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Halfway Tree owner agrees to city sewer hookup

The Halfway Tree mobile home park, which is served by a failing septic tank system, has committed in a state administrative proceeding to connect to public sewer.

The Hendersonville City Council next week will take up a request from city administrators to authorize condemnation of private property for a sewer easement to serve the development, which has been cited and fined for pollution violations. The mobile home park owner, Upchurch Marinas Inc., and a prospective buyer from Spartanburg, South Carolina, have been meeting with Hendersonville city officials and state regulators to work out an agreement on the sewer hookup.

In a settlement agreement that Upchurch and the state Department of Environmental Quality reached in November, Upchurch agreed to pay a reduced fine of $35,000 and to apply for connection to the city sewer system by April 1. The city's role, if the council approves, would be to use its condemnation power if necessary to acquire sewer line easements through a neighborhood that adjoins the mobile home park.

The city, "in conjunction with the state of North Carolina and possibly Henderson County, is looking to assist the developer in the construction of a sewer system to serve the park," City Manager John Connet told the council in a memo. The utility officials planned to contact homeowners in Hood Heights to seek voluntary sewer easements. "But since time may be critical, staff is seeking council authorization to institute eminent domain actions" for the land, Connet said.

"Best we can tell it's still moving forward," city Utilities Director Lee Smith said Friday. "We're going to help them with the easement so they can access our sewer main, which is on Erkwood." The use of land to run the sewer line could require eminent domain because the city's legal department and the developer's attorneys found "some ambiguities" in land ownership records, he said. "It's always a last resort" to use condemnation for a utility easement, he added.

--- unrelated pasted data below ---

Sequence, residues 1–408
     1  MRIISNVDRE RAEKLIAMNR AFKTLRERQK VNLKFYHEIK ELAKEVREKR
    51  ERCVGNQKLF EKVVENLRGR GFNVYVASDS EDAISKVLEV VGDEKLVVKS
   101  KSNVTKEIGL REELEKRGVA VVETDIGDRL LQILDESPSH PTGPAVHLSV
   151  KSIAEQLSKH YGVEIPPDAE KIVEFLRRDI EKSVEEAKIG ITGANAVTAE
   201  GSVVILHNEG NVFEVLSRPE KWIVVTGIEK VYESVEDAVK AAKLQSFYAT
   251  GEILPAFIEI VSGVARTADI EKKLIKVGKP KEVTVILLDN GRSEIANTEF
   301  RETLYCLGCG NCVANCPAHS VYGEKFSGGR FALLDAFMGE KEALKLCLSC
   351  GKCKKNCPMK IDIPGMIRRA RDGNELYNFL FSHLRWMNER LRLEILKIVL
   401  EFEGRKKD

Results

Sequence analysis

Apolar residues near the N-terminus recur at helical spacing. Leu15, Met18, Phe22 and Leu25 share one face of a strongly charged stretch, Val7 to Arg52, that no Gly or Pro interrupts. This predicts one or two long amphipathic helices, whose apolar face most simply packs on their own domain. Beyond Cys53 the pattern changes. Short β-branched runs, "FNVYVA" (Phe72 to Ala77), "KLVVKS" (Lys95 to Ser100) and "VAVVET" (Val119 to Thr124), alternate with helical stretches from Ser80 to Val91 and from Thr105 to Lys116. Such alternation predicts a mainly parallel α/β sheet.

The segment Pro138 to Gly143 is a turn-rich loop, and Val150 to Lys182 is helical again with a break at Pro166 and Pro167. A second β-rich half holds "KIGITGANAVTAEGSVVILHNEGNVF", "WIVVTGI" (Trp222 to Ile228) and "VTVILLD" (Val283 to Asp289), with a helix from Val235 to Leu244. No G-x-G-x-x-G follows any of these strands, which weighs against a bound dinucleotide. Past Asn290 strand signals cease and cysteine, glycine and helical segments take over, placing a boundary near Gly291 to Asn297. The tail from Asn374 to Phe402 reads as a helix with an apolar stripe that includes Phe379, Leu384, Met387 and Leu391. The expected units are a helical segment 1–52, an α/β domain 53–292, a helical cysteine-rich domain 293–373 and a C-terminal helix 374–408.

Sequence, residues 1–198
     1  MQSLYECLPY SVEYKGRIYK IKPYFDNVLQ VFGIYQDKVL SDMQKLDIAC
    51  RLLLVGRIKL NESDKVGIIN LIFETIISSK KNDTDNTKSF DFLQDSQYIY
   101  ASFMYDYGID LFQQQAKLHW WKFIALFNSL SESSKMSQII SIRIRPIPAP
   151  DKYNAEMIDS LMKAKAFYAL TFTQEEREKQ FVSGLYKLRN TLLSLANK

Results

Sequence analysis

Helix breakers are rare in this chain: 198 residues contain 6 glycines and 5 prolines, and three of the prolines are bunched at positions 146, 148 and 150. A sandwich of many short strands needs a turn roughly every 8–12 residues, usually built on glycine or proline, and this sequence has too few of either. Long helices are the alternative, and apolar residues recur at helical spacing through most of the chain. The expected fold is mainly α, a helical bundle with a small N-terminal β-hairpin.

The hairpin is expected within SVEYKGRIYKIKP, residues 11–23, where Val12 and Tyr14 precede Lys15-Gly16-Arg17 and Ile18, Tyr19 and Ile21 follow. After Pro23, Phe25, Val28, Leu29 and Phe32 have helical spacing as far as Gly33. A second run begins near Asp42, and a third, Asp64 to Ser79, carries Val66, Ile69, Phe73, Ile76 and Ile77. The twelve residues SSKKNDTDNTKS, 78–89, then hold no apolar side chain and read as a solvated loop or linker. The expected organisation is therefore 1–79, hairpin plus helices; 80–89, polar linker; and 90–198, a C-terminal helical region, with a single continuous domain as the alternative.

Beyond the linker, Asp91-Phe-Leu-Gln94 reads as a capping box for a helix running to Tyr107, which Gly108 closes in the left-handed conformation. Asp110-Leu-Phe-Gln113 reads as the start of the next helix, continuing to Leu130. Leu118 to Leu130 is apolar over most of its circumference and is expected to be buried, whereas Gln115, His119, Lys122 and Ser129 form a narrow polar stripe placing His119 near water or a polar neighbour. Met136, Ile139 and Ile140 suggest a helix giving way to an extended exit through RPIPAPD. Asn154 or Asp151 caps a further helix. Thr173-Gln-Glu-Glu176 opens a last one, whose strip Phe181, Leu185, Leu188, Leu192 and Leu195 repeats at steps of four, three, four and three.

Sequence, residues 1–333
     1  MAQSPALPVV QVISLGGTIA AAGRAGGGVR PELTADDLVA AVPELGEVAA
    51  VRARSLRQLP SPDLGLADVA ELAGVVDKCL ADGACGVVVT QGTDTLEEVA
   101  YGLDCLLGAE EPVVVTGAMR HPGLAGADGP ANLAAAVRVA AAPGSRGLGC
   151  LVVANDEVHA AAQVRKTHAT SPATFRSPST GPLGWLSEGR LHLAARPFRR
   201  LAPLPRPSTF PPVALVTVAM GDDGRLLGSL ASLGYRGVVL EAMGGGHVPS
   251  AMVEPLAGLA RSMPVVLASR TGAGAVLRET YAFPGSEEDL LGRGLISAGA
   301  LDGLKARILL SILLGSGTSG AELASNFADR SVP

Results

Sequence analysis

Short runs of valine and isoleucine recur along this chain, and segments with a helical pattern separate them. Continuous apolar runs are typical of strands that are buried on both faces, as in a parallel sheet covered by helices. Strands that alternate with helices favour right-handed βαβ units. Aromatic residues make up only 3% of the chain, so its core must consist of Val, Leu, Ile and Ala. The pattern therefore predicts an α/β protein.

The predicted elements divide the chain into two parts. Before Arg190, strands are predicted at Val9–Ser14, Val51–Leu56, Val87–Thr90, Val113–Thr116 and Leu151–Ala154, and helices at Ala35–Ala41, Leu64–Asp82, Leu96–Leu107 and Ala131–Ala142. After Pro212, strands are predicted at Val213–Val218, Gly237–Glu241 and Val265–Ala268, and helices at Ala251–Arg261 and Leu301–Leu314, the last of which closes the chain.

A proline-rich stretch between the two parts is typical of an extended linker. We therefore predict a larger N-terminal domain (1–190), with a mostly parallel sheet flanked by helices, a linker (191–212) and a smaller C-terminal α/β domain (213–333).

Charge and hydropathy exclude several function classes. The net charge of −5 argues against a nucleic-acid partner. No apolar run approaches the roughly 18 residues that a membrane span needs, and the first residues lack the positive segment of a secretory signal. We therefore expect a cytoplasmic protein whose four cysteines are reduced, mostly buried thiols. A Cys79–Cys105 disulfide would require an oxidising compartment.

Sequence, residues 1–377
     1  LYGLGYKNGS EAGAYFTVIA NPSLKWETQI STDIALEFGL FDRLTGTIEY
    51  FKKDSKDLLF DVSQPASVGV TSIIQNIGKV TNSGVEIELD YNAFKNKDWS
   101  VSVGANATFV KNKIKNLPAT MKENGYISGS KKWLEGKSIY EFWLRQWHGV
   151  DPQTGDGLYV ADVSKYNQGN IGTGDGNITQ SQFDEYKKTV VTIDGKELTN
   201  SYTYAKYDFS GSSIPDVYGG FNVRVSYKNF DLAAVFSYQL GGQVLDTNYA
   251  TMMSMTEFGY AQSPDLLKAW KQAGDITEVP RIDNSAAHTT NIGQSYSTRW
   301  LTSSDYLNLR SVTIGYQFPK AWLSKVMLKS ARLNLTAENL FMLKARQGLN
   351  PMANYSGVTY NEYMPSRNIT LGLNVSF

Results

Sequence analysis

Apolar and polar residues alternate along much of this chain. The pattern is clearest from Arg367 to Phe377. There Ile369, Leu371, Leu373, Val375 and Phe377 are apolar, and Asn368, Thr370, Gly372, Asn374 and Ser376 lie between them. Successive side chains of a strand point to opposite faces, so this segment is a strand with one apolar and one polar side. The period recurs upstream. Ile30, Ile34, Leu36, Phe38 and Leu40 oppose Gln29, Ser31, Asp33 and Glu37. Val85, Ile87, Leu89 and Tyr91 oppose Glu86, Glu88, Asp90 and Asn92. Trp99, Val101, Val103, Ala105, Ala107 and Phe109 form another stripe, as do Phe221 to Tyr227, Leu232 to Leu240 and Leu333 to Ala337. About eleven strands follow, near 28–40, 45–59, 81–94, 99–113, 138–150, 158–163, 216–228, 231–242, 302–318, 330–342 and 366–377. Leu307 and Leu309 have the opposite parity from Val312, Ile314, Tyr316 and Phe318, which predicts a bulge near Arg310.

Smith and other city engineers have been meeting with state Division of Water Quality engineers and the new prospective buyer, AM Partners LLC, on the public sewer solution since last summer.

“The state reassured them that if they come in and they have plans to fix the problem, they’re not going to hold them hostage for something somebody else did,” Smith said in October. Department of Environmental Quality officials “wanted to see this problem fixed. We were certainly happy to hear they were proposing to purchase the property and remedy this problem.”

Henderson County commissioners and the Flat Rock Village Council have called on the state to work with the city and the park owner on a public sewer solution.

Complaints by downstream property owners against Halfway Tree go back at least 2½ years. The state Division of Water Resources fined the park owner $65,368 in July after regulators determined that the park had discharged wastewater into a stream that feeds Meminger Creek. It cited specific violations in June 2017 of “cloudy, odorous and foamy water” flowing from a stormwater out-fall near the southeastern boundary of the property. DEQ investigators visited the park again in November and December 2018 and, after finding violations, cited the mobile home park owner a second time.

The property owner, Upchurch Marinas Inc., which acquired the mobile home park in 2002, said in its appeal of the state’s enforcement action that it had spent $250,000 “repairing and in some cases replacing septic systems” and had commissioned an engineering study that estimated the cost of connecting to the city sewer system at $1 million to $1.8 million. An appeal by Upchurch's attorney, William Clarke of Asheville, resulted in the reduced fine plus $1,368 in enforcement costs, and the owner's agreement to submit monthly water samples for fecal coliform bacteria tests and to follow through on the city sewer system hookup.